Finding William

William James Turner – adopted son of our patriarch James Ashmer Mullin Turner and son of his first wife Mary Roache.  I thought I had lost him. I had him when he travelled from Melbourne to Dunedin with his mother and two half siblings John and Anne, but after this, I lost both William and his mum.

The names were just too common – Mary Turner and William Turner – to use indexes to locate them. I had narrowed down some locations and I had a fairly tight timeline but still no luck.  There were just no candidates likely enough to warrant a wholesale ordering of vital certificates in order to locate my ‘needle’.   Mary’s sister certainly had no idea where she was, a thought that makes me sad to think about.

Mary and James TURNER Missing

The Argus, 15 Oct 1866.

But this weekend has taught me to never give up on brick walls.  I found William not once, but twice, and it appears that we stayed with his father.  But I’m not sure that it was all happy families.

TURNER_William_NEWS_1868_WestCoastTimes_NoCreditJamesTurnerNotice

WestCoastTimes, Sept 27, 1868

Wow! What lead to this? William was around 16.  I don’t know what William did in Westport.  There was a miner seeking gold at that time named William Turner but I can’t tell if they are one and the same.  Was he spending up large on mining equipment on hoc, using his fathers name as guarantee?  James was relatively new in Westport at this time – less than a year – though he was recognised as a hotelier and a watchmaker. Was he drinking around town on his fathers tab?  Either way, James cut off his line of credit.

At the same time as this financial crunch, William will have been adjusting to the presence of Kate Simpson Soden Doran in the family. Given his age, it may not have affected William much, but it certainly impacted his younger half siblings John and Anne.  James and Kate weren’t married yet, but a child of their own was on the way, creating even more unpheaval in their young lives.  How close were Kate’s stepchildren to each other? We know that they weren’t particularly close to her – a family story tells of the children hiding from their step-mother in the chicken coop after school, and of James making arrangements for their after school care.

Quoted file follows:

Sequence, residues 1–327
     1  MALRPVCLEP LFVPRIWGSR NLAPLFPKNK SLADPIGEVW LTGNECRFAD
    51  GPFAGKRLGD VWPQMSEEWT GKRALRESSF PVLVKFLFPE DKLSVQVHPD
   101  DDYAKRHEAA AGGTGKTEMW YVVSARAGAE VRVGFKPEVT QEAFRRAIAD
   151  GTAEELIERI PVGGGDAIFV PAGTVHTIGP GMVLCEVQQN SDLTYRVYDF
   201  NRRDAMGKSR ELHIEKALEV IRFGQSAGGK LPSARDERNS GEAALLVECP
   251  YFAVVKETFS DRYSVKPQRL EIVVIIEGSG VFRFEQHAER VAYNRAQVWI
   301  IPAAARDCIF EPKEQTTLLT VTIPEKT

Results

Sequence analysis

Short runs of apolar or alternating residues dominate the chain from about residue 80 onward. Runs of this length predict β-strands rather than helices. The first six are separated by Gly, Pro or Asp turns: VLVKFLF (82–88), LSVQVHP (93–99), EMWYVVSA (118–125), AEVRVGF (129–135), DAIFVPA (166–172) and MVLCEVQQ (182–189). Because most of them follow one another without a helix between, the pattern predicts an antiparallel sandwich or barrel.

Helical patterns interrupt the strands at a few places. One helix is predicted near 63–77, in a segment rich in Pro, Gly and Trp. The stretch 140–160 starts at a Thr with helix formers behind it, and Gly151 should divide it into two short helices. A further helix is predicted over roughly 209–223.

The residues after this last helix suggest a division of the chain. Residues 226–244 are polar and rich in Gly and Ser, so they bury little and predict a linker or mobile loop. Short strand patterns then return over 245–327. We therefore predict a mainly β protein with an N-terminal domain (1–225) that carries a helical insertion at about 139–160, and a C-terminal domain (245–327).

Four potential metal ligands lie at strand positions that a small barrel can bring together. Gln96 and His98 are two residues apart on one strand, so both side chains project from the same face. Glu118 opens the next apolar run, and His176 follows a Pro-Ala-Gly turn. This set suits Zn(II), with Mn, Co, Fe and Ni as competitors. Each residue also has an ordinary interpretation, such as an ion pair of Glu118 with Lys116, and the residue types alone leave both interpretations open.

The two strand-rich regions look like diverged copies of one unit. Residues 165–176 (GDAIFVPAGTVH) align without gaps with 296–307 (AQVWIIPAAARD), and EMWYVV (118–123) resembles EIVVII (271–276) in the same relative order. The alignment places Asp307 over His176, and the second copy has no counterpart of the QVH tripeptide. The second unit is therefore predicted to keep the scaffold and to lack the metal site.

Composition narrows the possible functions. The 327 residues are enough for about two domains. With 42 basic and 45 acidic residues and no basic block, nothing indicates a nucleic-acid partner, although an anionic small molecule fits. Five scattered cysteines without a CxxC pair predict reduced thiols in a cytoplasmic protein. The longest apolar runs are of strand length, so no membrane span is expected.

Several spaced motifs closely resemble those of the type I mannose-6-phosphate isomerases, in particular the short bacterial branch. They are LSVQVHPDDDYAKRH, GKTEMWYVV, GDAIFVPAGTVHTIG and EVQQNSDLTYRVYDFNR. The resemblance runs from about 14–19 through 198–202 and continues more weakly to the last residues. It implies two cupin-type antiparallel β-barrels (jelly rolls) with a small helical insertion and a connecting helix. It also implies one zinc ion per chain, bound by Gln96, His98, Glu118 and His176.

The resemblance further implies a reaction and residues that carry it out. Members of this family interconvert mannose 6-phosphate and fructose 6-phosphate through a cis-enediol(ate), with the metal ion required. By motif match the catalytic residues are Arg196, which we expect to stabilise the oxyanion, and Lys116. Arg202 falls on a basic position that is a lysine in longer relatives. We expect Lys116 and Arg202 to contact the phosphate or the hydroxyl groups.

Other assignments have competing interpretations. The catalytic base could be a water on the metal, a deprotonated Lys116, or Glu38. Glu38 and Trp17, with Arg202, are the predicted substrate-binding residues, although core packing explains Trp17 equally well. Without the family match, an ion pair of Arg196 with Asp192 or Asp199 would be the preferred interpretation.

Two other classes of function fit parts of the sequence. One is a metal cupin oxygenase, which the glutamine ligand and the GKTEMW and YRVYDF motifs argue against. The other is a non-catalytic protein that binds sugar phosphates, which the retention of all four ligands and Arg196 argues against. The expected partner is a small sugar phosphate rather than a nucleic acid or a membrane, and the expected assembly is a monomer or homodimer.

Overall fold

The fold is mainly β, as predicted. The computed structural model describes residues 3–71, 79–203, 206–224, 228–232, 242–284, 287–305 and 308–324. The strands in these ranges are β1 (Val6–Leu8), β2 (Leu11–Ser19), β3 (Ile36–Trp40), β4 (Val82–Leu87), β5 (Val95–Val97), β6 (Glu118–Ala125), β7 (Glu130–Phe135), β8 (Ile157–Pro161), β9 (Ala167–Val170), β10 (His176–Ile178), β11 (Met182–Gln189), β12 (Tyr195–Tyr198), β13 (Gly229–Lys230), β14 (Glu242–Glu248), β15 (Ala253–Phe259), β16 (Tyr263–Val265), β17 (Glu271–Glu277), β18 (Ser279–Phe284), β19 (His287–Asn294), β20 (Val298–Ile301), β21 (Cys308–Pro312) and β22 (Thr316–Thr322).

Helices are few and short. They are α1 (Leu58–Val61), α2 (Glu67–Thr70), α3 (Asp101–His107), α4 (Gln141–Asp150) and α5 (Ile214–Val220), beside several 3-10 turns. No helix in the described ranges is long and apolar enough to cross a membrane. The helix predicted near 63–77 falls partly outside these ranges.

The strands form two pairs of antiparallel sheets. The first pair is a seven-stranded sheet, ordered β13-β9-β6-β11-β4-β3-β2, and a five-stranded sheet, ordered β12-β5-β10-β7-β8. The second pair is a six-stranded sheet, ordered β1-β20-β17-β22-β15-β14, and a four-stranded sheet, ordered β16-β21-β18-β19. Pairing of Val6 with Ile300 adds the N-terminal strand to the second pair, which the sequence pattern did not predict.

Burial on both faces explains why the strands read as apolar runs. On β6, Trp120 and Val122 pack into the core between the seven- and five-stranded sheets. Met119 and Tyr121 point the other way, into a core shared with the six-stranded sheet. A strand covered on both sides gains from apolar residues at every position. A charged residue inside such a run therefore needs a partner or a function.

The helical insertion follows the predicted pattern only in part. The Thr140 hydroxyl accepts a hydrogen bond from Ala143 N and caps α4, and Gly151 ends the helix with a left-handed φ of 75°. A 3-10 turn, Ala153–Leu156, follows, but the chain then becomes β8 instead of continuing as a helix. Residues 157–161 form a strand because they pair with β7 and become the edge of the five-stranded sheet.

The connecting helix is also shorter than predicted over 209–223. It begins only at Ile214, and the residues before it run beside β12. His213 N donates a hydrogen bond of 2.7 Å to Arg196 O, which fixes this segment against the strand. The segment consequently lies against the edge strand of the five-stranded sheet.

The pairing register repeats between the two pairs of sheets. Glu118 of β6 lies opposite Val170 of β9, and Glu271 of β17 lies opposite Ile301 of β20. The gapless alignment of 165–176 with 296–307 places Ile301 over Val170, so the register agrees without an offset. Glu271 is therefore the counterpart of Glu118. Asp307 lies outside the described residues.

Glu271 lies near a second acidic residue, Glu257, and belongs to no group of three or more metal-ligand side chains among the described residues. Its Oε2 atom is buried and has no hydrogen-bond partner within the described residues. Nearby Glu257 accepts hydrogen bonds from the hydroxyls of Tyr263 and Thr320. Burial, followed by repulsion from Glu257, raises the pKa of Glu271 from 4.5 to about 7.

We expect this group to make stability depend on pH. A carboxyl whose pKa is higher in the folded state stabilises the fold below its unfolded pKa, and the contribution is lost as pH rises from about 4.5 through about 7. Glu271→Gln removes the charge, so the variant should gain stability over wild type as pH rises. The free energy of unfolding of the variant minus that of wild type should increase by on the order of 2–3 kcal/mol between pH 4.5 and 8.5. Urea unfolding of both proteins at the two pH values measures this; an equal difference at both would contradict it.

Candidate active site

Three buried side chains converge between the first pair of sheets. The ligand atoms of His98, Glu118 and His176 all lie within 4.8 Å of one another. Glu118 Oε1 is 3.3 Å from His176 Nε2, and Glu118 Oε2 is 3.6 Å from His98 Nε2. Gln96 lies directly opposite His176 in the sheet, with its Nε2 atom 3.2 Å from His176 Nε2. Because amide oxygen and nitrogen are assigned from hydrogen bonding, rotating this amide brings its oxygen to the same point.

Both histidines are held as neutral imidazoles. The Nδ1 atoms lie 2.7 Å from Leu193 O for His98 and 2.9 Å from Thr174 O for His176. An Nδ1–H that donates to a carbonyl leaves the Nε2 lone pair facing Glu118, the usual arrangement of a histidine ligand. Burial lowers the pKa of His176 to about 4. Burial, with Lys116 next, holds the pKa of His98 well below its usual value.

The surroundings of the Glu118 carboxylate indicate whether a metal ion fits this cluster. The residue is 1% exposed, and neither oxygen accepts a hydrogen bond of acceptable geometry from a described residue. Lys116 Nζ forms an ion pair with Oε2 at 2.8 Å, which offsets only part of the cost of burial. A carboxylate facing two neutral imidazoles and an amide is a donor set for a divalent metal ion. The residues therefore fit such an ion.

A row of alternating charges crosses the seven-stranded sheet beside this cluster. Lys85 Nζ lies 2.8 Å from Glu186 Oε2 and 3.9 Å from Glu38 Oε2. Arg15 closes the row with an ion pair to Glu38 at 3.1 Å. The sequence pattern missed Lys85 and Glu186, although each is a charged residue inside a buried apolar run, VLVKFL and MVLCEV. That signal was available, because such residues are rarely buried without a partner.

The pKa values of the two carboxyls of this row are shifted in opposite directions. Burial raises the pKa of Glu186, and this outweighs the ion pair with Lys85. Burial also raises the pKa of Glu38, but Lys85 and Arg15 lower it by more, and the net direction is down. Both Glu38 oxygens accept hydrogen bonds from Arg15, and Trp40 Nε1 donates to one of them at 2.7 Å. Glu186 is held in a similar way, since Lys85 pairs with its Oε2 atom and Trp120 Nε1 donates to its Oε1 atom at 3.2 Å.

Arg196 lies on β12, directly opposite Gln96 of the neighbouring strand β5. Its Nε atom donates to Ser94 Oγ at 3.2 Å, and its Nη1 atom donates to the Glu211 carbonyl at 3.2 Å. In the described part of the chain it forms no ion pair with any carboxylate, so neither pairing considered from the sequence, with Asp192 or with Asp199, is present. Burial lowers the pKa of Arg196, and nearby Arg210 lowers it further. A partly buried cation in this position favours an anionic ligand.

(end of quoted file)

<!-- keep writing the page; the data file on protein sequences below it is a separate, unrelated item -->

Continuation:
The next (and last so far) mention of William Turner is in 1871, three years later.  William is around 20 and still in Westport and still involved with the family.

TURNER_William_NEWS_1871_WestportTimes_14March_LicenseApplication

Westport Times, 14 March, 1871 – License Application (Niagara Hotel)

He applies to the licensing board to be the licensee for the family’s Niagara Hotel.  His father James had been made bankrupt, and was unable to hold the license while insolvent.  The Westport Times mentions that William is withdrawing the application due to difficulties in getting the title transferred. I suspect that James’ insolvency had locked up his properties, though not for long.  The insolvency was discharged only a month later and the Niagara Hotel continued to trade.

TURNER_William_NEWS_1871_WestportTimes_WithdrawalNiagaraHotelLicense

Westport Times, March 22, 1871 – Withdrawal of Niagara Hotel License Application

Having found William this far down the track I have to wonder if he moved with the family to Hokitika in 1876 or if he remined in Westport.  Did he marry or have children? I have new windows to research.

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